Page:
Icy Research Drills Down on Summer Algae Blooms

We’ve walked a mile out on the frozen skin of Missisquoi Bay. Clouds, snow and ice blend into an abstract collage of white shapes. To the west, a thin grey line, the New York shore, cuts the world in two… To the south, a pea-size pick-up truck creeps over the lake toward a pinhead-size ice-fishing shack. Trevor Gearhart checks our location on a handheld GPS. “Yep, this is it,” he says. Peter Isles fires up a reassuringly large, safety-yellow drill.

Isles and Gearhart are doctoral students on a large project called RACC—for Research on Adaptation to Climate Change. Involving nearly thirty faculty members from UVM and other Vermont colleges, the project has funding from the National Science Foundation’s EPSCoR program to explore two difficult questions: how will Lake Champlain react to the double whammy of climate change and land use change? And how might different land management and policy choices affect these impacts on the lake?

Booming blooms

As one step toward answering these questions, Isles grips both handles of the drill as the auger disappears into the ice down its full length, almost three feet. Lake water comes surging to the surface. “You could drive a tank out here,” he says, looking down into the black hole.

Unlike most people who schlep a sled full of gear onto this bay in March, Isles is not looking for fish. He’s come with Gearhart and two other researchers to collect water, mud from the bottom — and plankton. He’s especially interested in three types of cyanobacteria — sometimes called blue-green algae — Aphanizomenon, Microcystis, and the benign-sounding Anabaena.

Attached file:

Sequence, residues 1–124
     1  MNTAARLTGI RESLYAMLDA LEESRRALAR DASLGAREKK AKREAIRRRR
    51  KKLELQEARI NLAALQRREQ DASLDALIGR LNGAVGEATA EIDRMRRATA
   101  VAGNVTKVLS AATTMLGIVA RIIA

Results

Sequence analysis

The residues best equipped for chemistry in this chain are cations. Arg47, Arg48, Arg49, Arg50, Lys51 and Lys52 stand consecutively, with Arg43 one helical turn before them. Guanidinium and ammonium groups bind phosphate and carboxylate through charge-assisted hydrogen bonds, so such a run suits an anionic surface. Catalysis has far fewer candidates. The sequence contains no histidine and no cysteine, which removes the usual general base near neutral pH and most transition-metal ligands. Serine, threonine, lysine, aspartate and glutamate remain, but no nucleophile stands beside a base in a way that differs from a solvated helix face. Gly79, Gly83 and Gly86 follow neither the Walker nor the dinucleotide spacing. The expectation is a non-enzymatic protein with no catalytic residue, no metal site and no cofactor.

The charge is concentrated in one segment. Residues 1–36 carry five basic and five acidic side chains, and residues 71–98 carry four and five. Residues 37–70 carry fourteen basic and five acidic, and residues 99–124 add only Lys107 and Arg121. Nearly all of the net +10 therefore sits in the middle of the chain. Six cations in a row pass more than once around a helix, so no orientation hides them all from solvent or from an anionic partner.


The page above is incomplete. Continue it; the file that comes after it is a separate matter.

These are microscopic plankton that float around in Lake Champlain. They’re native, but not always benign. Given a diet of phosphorous pollution, they become major culprits in algae blooms that can foul beaches, produce dangerous toxins and suck the oxygen that fish need out of the water.

Cyanobacteria are single-celled organisms that photosynthesize, making their own food from sunlight and carbon dioxide. They’re like plants, but on a different, more ancient, branch of the tree of life. When excess nutrients wash off the land — sometimes from farm fields, roadways, eroding streambanks or wastewater treatment plants — cyanobacteria chow down like a teenager. They can reproduce rapidly, forming a suffocating green scum that drives out other species of plankton and harms critters up the food chain.

Photo caption: Where’s the phosphorous? Historically, there have been few wintertime studies of lakes. Students Peter Isles and Trevor Gearhart are helping to change that as they cut through twenty-seven inches of ice to collect mud from the bottom of Lake Champlain. They’d like to know where algae-enabling nutrient pollution is lurking. (Photo: Joshua Brown)

The University of Vermont

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